South Carolina held its major party primaries on June 8. Two candidates appeared on the Democratic ballot for U.S. Senate. They were Vic Rawl, a four-term state legislator, and Alvin Greene, a 32-year-old soldier. Virtually every political observer in the state expected Rawls to win. He had a vigorous campaign and was raising money for the general election. Greene had no web page and no visible campaign.
But, Greene won. The Working Families Party, a ballot-qualified party in South Carolina, nominates by convention, as all of South Carolina’s minor parties do. The Working Families Party had held its state convention on May 15, and was so certain that Rawl would be the winner of the Democratic primary, that it had went ahead and nominated Rawl as well. The Working Families Party generally gets itself on the ballot only in states which allow fusion, which is the ability of two parties to jointly nominate the same candidate. The Working Families Party generally nominates people who are also Democratic Party nominees.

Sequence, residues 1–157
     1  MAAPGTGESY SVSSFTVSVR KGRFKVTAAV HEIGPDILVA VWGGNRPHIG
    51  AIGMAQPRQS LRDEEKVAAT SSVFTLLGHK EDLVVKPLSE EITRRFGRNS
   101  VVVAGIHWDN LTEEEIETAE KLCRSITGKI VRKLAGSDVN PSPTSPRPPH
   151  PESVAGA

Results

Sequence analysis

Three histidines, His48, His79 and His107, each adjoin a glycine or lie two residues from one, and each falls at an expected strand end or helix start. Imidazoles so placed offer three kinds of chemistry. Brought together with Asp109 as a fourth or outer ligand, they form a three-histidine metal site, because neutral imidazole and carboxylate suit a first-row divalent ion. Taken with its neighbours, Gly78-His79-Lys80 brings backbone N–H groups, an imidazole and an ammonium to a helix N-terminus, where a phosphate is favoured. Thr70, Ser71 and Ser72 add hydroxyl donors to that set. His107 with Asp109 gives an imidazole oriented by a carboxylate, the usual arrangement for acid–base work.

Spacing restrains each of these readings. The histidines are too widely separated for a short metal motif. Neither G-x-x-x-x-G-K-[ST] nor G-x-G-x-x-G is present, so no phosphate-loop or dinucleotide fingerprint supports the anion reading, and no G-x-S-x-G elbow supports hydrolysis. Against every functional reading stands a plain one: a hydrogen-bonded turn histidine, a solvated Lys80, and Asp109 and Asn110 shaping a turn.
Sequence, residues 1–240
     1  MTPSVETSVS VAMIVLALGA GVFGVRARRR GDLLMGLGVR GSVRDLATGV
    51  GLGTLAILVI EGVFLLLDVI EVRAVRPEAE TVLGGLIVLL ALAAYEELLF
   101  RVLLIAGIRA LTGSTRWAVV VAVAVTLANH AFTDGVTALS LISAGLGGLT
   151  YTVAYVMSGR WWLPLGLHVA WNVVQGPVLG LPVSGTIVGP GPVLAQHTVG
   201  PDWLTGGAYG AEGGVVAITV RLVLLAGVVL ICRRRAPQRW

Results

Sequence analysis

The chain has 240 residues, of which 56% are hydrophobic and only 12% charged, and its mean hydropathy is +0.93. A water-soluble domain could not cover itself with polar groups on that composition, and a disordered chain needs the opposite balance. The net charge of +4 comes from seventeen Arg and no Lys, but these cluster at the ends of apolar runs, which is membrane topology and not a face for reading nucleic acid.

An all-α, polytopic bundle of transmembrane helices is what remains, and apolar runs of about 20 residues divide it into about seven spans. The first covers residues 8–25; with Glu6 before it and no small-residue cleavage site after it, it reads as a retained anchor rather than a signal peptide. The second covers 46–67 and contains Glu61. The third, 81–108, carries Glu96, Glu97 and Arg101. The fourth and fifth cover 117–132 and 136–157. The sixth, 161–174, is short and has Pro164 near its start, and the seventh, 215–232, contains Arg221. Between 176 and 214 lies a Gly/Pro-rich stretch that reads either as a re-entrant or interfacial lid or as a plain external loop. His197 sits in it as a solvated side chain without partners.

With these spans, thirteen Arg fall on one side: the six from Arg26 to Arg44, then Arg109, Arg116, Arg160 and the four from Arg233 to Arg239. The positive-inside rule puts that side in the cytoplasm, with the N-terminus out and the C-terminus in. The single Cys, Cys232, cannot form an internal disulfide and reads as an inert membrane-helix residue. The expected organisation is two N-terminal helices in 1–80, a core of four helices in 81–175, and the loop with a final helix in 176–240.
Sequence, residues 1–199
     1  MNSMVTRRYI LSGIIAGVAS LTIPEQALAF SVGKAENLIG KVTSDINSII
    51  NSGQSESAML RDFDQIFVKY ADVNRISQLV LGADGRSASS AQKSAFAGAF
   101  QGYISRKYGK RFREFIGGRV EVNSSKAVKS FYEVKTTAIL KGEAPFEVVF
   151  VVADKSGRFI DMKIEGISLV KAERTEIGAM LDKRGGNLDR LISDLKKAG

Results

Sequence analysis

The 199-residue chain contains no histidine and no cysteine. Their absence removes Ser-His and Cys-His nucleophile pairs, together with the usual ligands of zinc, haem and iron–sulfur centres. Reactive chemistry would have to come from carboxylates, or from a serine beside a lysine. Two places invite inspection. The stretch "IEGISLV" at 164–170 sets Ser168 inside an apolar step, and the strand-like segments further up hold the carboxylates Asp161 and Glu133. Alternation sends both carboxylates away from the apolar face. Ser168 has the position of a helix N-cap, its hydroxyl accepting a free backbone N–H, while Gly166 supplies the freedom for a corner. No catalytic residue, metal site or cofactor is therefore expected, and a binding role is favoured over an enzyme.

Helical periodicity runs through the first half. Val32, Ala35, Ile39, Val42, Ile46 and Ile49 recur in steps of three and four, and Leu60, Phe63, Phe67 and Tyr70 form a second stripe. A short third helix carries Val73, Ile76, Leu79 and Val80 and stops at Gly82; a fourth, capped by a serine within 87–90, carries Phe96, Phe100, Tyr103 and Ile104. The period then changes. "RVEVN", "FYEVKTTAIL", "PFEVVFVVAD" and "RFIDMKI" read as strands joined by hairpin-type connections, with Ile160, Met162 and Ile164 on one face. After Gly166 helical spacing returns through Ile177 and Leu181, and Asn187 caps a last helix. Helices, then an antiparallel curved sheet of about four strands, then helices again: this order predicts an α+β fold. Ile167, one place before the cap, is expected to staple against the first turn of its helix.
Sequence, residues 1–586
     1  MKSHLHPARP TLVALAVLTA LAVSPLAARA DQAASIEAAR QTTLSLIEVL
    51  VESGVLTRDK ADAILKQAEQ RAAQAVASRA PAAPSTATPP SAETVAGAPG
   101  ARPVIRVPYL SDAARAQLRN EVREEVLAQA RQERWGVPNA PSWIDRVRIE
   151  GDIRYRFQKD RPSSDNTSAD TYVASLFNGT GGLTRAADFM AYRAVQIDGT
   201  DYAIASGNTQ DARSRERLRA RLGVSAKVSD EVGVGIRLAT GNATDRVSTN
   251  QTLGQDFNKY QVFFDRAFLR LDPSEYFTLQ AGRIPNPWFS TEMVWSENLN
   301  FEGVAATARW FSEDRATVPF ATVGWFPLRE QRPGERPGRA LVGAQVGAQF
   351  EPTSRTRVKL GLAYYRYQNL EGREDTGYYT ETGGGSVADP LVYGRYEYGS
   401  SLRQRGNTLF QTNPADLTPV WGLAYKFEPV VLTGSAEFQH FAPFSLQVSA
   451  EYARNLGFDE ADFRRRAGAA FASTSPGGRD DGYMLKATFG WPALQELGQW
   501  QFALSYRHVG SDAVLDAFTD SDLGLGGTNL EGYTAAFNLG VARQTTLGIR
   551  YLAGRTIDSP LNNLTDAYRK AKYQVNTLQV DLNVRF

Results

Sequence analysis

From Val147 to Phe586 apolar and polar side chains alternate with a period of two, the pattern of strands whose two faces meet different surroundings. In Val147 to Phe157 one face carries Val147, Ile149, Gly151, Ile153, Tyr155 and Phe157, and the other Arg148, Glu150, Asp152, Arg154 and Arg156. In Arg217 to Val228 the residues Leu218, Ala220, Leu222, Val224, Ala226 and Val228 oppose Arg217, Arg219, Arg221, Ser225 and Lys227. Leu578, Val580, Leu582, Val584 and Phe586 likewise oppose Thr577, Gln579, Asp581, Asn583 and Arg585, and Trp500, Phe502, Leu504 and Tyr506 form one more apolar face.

South Carolina, although it permits fusion, has a law that says if a party nominates a candidate, and that candidate then tries and fails to get the nomination of another party, the first nomination for that candidate is canceled. So, Rawl not only lost the Democratic nomination; he can’t appear on the November ballot as the Working Families nominee either.
The South Carolina Democratic Party is trying to persuade Greene to withdraw. See this story. However, Greene says he won’t withdraw.
The only other candidates likely to be on the November ballot are the Republican incumbent, Jim DeMint, and the Green Party nominee, Tom Clements.